Bob Iger, Chairman and Chief Executive Officer of The Walt Disney Company, pauses as he speaks during an Economic Club of New York event in Midtown Manhattan on October 24, 2019 in New York City.
Drew Angerer | Getty Images
Disney has abandoned plans to open a new staff campus in Lake Nona, Fla. amid rising tensions with the state governor.
Citing “changing business conditions” and the return of CEO Bob Iger, Josh D’Amaro, chairman of Disney’s parks, experiences and products division, penned a memo to employees Thursday announcing that the company will start construction of the campus will not require more than 2,000 California-based employees to relocate to Florida.
“It wasn’t an easy decision, but I believe it’s the right one,” D’Amaro told employees.
Many Disney employees balked at the company’s move plans when they were first announced by former CEO Bob Chapek in July 2021. While some left the company or moved to other roles at Disney that would not require a move to Florida, others harbored hope that the plan would fail after a postponement. The opening of the campus was originally planned for 2022–2023, but was later pushed back to 2026.
Disney is headquartered in Burbank, California but operates a number of field offices across the country and around the world.
D23 EXPO 2022 – the ultimate Disney fan event presented by VISA – brings together all the worlds of Disney under one roof for three days of presentations, pavilions, experiences, concerts, sneak peeks, shopping and more.
Picture group La | General entertainment content from Disney | Getty Images
D’Amaro said employees who have already relocated to Florida may be able to return to California.
“I recognize that the power of this brand comes from our incredible people, and we are committed to managing this change with care and compassion,” he said.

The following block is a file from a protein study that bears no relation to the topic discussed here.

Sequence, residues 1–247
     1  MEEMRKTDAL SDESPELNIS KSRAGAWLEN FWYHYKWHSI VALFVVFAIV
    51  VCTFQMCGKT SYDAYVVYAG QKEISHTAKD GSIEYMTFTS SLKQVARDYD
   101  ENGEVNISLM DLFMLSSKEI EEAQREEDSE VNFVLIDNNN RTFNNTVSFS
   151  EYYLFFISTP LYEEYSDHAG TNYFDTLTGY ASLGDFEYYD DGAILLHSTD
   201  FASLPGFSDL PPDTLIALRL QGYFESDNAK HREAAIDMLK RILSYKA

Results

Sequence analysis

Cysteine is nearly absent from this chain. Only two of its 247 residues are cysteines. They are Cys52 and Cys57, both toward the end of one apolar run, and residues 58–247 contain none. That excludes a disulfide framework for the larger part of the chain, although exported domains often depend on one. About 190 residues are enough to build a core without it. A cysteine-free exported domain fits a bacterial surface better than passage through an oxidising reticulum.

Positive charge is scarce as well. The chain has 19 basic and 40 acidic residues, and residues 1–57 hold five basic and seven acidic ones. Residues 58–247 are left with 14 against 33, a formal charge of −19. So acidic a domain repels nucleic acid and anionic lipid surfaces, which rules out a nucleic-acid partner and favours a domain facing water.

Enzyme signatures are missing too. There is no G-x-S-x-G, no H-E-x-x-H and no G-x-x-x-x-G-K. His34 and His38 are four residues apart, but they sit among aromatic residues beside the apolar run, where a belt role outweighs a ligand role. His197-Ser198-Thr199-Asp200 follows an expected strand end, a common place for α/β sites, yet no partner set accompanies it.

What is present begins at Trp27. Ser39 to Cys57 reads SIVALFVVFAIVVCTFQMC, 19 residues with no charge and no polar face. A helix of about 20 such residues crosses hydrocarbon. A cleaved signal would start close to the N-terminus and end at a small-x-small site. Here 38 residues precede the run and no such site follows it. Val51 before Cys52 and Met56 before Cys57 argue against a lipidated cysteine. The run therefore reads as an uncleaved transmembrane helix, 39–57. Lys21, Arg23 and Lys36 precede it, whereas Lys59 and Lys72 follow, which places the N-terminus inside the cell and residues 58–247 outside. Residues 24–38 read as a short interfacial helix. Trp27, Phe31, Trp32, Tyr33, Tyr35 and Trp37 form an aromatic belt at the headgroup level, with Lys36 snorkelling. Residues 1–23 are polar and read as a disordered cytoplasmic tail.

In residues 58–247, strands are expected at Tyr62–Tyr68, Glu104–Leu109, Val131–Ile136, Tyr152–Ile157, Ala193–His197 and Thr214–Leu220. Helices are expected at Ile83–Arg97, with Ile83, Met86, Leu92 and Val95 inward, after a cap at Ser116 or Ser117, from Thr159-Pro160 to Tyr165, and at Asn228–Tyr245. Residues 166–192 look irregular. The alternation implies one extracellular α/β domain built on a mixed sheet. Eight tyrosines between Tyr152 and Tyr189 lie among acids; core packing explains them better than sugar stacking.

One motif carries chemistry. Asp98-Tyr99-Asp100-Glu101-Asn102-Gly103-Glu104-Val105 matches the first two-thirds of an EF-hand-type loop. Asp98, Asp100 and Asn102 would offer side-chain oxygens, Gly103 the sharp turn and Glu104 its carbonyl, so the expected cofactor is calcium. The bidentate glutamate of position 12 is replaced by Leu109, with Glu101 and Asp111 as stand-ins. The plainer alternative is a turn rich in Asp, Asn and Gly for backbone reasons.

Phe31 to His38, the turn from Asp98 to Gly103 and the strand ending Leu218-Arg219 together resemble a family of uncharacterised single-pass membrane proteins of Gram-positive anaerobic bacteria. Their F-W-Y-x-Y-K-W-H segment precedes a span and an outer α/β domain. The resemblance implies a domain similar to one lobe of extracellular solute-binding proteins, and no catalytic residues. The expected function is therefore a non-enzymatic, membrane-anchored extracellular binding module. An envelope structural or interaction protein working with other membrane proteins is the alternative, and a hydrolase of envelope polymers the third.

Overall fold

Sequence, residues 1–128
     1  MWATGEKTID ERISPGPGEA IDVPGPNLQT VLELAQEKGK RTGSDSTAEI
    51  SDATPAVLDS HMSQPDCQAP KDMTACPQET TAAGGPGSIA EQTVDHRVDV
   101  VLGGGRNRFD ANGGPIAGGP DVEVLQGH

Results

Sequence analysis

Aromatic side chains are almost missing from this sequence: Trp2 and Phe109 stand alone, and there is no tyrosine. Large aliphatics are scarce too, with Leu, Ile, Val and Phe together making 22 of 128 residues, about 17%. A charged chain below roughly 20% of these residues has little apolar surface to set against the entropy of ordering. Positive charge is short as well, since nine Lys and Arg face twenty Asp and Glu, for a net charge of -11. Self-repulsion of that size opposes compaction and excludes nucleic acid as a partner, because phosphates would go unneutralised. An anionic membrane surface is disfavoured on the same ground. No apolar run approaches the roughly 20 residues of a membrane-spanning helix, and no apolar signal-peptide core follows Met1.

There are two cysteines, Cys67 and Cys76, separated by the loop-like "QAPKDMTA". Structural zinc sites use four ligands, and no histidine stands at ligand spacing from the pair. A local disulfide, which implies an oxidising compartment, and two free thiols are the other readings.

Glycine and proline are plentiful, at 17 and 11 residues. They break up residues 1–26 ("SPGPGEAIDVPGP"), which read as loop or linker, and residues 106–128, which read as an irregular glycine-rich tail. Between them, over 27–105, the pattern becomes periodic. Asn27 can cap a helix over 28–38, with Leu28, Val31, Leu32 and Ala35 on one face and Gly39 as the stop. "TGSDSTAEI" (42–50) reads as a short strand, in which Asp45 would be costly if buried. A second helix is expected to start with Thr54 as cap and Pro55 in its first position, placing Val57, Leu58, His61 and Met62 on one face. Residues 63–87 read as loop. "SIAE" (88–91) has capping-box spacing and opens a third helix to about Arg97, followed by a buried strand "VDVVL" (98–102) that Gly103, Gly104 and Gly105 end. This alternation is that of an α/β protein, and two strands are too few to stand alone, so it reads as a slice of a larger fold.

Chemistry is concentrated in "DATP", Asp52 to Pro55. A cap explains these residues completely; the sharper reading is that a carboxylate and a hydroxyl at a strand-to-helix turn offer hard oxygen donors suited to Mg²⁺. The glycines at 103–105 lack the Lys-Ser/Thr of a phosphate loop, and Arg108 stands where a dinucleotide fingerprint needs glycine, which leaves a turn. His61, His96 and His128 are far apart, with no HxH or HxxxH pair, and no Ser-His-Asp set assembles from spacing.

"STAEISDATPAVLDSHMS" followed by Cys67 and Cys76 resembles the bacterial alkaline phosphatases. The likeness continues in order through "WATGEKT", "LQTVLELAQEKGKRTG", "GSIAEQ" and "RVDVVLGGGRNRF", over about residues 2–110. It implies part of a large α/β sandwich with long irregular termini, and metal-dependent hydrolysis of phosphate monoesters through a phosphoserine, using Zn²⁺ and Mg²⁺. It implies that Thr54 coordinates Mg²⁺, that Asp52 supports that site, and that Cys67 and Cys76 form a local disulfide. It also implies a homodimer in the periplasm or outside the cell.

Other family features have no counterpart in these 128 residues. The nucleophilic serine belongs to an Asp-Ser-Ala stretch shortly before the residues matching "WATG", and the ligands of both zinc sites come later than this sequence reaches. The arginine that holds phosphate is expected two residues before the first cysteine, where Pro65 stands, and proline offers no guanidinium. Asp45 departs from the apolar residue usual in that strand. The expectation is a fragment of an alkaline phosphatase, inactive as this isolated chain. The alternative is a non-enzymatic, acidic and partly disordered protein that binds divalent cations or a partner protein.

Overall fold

Disney’s announcement comes amid a bitter feud between the company and Florida Gov. Ron DeSantis. The company filed a lawsuit, accusing DeSantis and its special district’s new board members of conducting a campaign of political retaliation against the entertainment giant.
DeSantis targeted Disney’s specialty district, formerly the Reedy Creek Improvement District, after the company publicly criticized a controversial bill in Florida — dubbed “Don’t Say Gay” by critics — that restricts discussion of sexual orientation and gender identity in classrooms .
The special precinct has allowed the entertainment giant to effectively self-manage the operations of its Orlando parks for decades. The district ultimately remained intact, but its five-member board was replaced by DeSantis boards and renamed the Central Florida Tourism Oversight District.
Disney filed its lawsuit in late April after the new board voted to reverse development deals the company said it had made to protect its investments. The company has since updated that lawsuit to include newly passed legislation against its monorail system as further evidence of retaliatory action by the governor.
Iger has publicly criticized DeSantis and the Florida government, pointing out that Disney generates thousands of indirect jobs, brings about 50 million visitors to Florida each year, and is the state’s largest taxpayer.
Stickers and clothing advertising Florida Gov. Ron DeSantis sit on a table before a book tour at the North Charleston Coliseum April 19, 2023 in North Charleston, South Carolina.
Sean Rayford | Getty Images
In a statement later Thursday, DeSantis officials called the decision to close the Lake Nona campus “not surprising.”
“Disney announced the possibility of a Lake Nona campus almost two years ago. The project never materialized, and the state was unsure if it would go ahead,” the DeSantis office said in a statement.
D’Amaro reiterated in his memo that the company plans to continue investing $17 billion in Florida over the next decade, including creating about 13,000 jobs. The company currently employs more than 75,000 people in the country.
Disney declined to provide specific information on the investment, but has previously announced plans to upgrade park attractions, expand existing parks and add more cruise ships to its Florida fleet.
“I remain optimistic about the direction of our Walt Disney World business,” D’Amaro told employees.